Well, we’re back at our editing desks after four days in Springfield, Massachusetts, where TSB authors Jane Savoie, Betsy Steiner, Daniel Stewart, Denny Emerson, and Brenda Imus inspired and educated thousands of attendees through their clinics and demonstrations.

An EA attendee checks out Denny Emerson's forthcoming book HOW GOOD RIDERS GET GOOD at the TSB booth.

Denny’s clinics were a huge hit, and participants spanned the age and experience spectrum–from novice eventers to some of the nation’s best riders and horses. He kept people engaged and laughing, then brought the fun back to the TSB booth in the Better Living Center where fans could pre-order his forthcoming book HOW GOOD RIDERS GET GOOD and ask him questions. 

Daniel got us all going with his terrific enthusiasm and good humor. The sports psychology and physical fitness techniques he shared are easily applied to any rider, regardless of age, ability, or discipline. It was exciting to see the tremendous response to his ideas, the laughter his stories and jokes inspired, and the riders–young and old–who left eager to put his techniques to good use in their daily riding.

Daniel Stewart signs a copy of his book for a young fan.

Brenda rallied from a rather inconvenient bout with the flu to educate gaited horse fans about the best ways to ride and train their gaited horse to keep him happy, healthy, and sound. Her Gaits of Gold booth in the Young Building was mobbed after her clinics, with a line of fans waiting to ask her and her staff questions about bitting and saddle fit. There was a lot of excitement generated by her new book THE GAITED HORSE BIBLE, available at a special pre-publication price on our Web site now.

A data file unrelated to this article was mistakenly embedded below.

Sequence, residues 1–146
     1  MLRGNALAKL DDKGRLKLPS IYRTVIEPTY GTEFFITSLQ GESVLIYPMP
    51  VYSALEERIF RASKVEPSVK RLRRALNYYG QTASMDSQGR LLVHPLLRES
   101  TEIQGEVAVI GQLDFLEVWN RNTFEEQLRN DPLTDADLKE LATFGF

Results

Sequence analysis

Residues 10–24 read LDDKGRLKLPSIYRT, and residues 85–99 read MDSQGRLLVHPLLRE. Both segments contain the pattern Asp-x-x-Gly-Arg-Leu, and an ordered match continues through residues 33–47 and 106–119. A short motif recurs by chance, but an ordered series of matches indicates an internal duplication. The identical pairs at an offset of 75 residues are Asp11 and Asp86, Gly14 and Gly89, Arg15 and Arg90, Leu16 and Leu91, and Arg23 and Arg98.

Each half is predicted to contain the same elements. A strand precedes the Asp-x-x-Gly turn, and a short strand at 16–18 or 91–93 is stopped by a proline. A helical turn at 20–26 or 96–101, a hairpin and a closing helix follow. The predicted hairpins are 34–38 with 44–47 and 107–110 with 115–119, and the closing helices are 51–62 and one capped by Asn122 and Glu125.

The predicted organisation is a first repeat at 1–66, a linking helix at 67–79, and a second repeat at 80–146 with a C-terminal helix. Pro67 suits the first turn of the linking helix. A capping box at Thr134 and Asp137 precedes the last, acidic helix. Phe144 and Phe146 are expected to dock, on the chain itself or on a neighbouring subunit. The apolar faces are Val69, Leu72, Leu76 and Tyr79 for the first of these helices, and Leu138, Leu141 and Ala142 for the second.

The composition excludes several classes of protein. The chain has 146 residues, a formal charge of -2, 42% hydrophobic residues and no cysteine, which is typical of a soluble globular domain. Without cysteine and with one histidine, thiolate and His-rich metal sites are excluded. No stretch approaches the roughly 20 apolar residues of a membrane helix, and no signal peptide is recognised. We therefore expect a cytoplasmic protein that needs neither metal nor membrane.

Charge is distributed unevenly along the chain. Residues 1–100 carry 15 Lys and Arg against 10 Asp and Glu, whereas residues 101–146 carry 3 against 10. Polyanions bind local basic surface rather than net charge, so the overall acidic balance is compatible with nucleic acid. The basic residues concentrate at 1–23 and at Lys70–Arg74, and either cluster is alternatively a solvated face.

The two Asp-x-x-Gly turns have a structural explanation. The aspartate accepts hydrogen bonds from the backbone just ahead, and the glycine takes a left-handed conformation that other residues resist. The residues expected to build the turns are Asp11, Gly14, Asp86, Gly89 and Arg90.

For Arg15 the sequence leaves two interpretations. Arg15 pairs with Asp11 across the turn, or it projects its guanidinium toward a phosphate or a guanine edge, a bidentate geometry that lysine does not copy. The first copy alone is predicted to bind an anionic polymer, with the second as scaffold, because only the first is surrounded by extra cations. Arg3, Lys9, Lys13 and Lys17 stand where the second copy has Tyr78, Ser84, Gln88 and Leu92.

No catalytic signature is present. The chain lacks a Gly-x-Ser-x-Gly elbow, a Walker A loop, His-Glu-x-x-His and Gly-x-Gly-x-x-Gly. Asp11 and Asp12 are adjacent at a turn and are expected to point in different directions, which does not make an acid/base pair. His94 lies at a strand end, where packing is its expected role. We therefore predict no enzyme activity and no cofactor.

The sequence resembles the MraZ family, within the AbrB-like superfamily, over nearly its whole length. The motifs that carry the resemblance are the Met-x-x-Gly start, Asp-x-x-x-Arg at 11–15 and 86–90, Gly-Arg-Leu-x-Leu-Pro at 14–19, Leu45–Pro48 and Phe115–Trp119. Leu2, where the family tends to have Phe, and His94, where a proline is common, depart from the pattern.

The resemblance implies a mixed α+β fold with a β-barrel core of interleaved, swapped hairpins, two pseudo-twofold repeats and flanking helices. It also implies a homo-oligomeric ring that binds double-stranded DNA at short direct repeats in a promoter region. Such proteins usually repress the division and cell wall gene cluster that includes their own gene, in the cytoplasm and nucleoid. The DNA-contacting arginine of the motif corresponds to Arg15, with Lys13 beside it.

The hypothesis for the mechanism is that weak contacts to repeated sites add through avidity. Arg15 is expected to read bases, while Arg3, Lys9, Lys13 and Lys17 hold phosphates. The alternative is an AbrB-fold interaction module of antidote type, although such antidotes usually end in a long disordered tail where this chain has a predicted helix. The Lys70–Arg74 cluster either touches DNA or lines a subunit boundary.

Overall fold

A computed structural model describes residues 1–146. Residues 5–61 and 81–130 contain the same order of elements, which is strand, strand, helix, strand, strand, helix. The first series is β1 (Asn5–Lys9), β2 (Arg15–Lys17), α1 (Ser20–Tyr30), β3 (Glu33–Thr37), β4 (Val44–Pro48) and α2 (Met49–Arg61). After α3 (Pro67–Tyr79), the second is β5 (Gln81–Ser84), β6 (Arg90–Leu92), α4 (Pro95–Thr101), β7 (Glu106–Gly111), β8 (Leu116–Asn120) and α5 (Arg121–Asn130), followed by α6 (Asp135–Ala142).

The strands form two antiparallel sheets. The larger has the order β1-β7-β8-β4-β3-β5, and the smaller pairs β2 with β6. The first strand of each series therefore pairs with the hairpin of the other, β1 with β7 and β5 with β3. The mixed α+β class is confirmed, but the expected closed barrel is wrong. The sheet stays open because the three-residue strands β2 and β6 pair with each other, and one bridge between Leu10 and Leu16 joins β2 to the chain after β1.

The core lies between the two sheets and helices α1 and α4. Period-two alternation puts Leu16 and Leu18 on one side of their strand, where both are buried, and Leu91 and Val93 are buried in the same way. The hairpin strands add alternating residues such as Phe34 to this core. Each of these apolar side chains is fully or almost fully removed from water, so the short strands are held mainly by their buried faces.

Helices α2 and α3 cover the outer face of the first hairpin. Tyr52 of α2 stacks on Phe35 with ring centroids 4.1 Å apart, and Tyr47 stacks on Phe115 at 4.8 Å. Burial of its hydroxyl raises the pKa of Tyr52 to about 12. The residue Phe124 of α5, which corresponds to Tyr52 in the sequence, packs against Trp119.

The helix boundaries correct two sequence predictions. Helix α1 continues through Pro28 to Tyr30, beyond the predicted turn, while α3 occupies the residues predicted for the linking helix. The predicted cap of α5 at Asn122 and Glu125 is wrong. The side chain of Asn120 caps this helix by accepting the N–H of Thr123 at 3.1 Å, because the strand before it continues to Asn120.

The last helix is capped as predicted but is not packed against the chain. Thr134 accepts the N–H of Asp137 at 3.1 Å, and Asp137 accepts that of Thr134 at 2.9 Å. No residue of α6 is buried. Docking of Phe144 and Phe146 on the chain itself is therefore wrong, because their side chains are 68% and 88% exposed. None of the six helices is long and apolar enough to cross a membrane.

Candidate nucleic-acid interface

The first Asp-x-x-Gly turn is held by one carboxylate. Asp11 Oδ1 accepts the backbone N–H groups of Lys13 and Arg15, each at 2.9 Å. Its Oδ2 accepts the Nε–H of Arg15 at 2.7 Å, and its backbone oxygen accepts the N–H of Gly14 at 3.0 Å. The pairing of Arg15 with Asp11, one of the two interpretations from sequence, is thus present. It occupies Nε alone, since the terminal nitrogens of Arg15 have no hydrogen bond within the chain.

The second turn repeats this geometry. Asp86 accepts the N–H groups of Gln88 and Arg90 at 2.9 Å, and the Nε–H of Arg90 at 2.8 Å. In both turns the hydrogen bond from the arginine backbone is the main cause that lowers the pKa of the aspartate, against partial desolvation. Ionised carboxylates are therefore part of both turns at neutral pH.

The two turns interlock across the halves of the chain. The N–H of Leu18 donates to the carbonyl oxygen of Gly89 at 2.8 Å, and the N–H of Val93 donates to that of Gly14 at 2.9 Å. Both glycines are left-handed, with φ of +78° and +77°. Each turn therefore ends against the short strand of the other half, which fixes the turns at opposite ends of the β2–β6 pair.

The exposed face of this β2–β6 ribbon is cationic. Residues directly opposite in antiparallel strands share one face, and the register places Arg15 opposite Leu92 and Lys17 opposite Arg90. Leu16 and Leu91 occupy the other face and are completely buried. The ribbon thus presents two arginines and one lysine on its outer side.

Brenda Imus discusses gaited horses with an EA attendee in her booth after one of her clinics.

Betsy’s dressage clinics were well attended, as usual, and she worked on a variety of schooling exercises for both the serious dressage rider and the eventer who needs ways to prepare her horse to perform well in three very different phases. Her emphasis on quieting the eventing horse on the flat–often a challenge with those that are bred and trained to be “on the mettle” in the cross-country and stadium phases–led to some nice work by her clinic participants.

Betsy Steiner works with a rider during one of her clinics.

Jane brought the demo “model horse” for her new EQ-Equisense enhanced tack and kept a constant crowd surrounding her booth in the Better Living Center, eager to try it out. This exciting new technology certainly seems to be making a hit with riders of all ages.

We had a surprise visit from the author of DONKEYS: MINIATURE, STANDARD, AND MAMMOTH, Dr. Stephen Purdy, Director of the Camelid Studies program at UMass-Amherst. He and his wife Joyce stopped by the TSB booth after visiting Save Your Ass Donkey Rescue in the Breeds Pavilion. Dr. Purdy ran a donkey rescue for two years prior to his time at UMass. 

It was great to see our authors, and wonderful to see the positive responses to their work from so many riders. There is nothing as rewarding as speaking with “reading riders” face-to-face and hearing what they have to say about our books and what our authors are teaching. It gives us new ideas and helps us keep the “good reading” coming. We can’t wait to see what else our authors–old and new–have to offer in the coming year. Stay tuned!